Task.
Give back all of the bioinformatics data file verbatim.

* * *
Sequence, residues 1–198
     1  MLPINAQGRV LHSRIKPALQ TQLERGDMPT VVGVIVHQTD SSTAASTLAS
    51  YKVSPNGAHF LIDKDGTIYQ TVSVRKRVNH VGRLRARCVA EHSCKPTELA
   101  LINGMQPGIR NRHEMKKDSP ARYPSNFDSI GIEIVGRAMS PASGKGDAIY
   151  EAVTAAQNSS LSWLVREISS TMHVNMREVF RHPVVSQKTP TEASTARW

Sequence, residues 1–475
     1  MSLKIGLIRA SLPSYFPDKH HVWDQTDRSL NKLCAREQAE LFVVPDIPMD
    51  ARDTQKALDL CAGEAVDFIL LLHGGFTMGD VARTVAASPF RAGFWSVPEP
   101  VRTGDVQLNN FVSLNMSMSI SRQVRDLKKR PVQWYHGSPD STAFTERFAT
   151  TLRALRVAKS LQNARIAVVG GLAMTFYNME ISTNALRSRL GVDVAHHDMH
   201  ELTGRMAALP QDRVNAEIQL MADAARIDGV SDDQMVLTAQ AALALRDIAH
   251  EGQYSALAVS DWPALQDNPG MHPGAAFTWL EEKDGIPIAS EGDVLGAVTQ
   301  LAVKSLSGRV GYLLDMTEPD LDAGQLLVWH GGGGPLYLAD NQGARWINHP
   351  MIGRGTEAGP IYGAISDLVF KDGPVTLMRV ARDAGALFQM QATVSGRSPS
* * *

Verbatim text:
Sequence, residues 1–198
     1  MLPINAQGRV LHSRIKPALQ TQLERGDMPT VVGVIVHQTD SSTAASTLAS
    51  YKVSPNGAHF LIDKDGTIYQ TVSVRKRVNH VGRLRARCVA EHSCKPTELA
   101  LINGMQPGIR NRHEMKKDSP ARYPSNFDSI GIEIVGRAMS PASGKGDAIY
   151  EAVTAAQNSS LSWLVREISS TMHVNMREVF RHPVVSQKTP TEASTARW

Sequence, residues 1–475
     1  MSLKIGLIRA SLPSYFPDKH HVWDQTDRSL NKLCAREQAE LFVVPDIPMD
    51  ARDTQKALDL CAGEAVDFIL LLHGGFTMGD VARTVAASPF RAGFWSVPEP
   101  VRTGDVQLNN FVSLNMSMSI SRQVRDLKKR PVQWYHGSPD STAFTERFAT
   151  TLRALRVAKS LQNARIAVVG GLAMTFYNME ISTNALRSRL GVDVAHHDMH
   201  ELTGRMAALP QDRVNAEIQL MADAARIDGV SDDQMVLTAQ AALALRDIAH
   251  EGQYSALAVS DWPALQDNPG MHPGAAFTWL EEKDGIPIAS EGDVLGAVTQ
   301  LAVKSLSGRV GYLLDMTEPD LDAGQLLVWH GGGGPLYLAD NQGARWINHP
   351  MIGRGTEAGP IYGAISDLVF KDGPVTLMRV ARDAGALFQM QATVSGRSPS